The blue Spirit of the Present, who I call "Furnace Face," is faster and thus tougher to vanquish. He turns up on Level 32. Twenty later, he and Ugly both want to play. Finally, the red Spirit of the Future ("Tent Belly") arrives on Level 64, and he's very fast, hard to dodge and, once you're relieved to be red yourself, chase around -- particularly if the playfield is speckled with non-red Skulls, and / or Tokens that will make you vulnerable to him.
As the instructions indicate -- even if they're not clear until you've played a lot or read this article -- the big points, and hence the real progress toward extra grave-robbers, lie in your repeatedly banishing Ugly (25), Furnace Face (50) and Tent Belly (100) from the proceedings. These rewards add up, as once Ugly has made his first appearance, no level lacks Spirit, as it were.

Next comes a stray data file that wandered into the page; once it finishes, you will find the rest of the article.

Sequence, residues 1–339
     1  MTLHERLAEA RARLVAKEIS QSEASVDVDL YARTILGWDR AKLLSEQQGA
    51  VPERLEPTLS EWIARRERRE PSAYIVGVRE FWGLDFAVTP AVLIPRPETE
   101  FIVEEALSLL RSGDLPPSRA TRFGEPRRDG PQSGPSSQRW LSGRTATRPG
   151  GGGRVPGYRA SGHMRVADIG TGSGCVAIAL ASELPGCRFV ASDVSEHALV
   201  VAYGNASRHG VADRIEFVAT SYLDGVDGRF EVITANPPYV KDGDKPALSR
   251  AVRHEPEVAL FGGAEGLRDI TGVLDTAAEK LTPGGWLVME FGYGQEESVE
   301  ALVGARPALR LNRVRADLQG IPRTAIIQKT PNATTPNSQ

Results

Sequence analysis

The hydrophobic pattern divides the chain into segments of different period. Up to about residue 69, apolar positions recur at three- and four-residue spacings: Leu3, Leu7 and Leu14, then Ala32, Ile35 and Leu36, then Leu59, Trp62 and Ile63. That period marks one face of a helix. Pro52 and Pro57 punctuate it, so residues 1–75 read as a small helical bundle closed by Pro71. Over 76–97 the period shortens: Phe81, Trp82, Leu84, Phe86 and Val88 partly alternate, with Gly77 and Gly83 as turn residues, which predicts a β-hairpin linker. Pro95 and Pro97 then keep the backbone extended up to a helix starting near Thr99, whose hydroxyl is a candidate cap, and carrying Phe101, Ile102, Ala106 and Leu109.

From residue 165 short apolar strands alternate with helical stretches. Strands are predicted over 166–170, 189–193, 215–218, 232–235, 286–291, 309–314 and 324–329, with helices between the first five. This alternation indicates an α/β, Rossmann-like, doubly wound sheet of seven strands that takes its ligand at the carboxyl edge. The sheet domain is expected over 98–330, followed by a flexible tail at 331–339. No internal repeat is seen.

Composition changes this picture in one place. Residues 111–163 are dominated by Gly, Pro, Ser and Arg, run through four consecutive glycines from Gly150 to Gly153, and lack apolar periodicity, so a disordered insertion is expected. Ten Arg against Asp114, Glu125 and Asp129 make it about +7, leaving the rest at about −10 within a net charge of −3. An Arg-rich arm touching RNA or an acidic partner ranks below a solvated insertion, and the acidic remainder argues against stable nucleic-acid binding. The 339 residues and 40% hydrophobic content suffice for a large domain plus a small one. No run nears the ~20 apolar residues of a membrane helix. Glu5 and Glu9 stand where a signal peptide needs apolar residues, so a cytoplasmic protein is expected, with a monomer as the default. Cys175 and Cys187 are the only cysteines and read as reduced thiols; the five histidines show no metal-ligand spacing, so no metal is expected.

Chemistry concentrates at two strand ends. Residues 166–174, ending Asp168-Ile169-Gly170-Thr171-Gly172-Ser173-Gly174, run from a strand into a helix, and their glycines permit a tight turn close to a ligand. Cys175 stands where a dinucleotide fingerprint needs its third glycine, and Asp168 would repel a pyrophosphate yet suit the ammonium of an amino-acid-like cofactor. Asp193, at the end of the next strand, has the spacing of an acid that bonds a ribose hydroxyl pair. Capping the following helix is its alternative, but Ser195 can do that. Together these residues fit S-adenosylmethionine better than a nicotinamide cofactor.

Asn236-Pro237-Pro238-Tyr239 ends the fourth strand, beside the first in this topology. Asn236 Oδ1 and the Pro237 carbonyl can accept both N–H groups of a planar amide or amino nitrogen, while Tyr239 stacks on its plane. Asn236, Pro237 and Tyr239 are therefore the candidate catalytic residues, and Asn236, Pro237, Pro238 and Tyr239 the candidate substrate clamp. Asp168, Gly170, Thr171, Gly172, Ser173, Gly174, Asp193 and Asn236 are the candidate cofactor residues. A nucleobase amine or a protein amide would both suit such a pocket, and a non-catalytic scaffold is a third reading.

All three behave identically, apart from their speeds. Two of the same kind never exist at once. If you let one survive from one level to the next, he'll stay on his present route; like any Rocks that get to remain, he's never relocated to the entrance corner. Only new deadly things come in that way.
Whenever a Spirit, duo or trio is seen for the first time, all Rocks disappear until the next level. This brings us to the one exception to the constant presence of ever faster flying periods (apart from your post-death): The amount always resets to a single slow one. This is surely done to let you grow accustomed to dealing with the new Spirit or combo in tandem with bouncing dots. The slow bouncer is always joined by others of gradually increasing speeds as the levels progress, of course.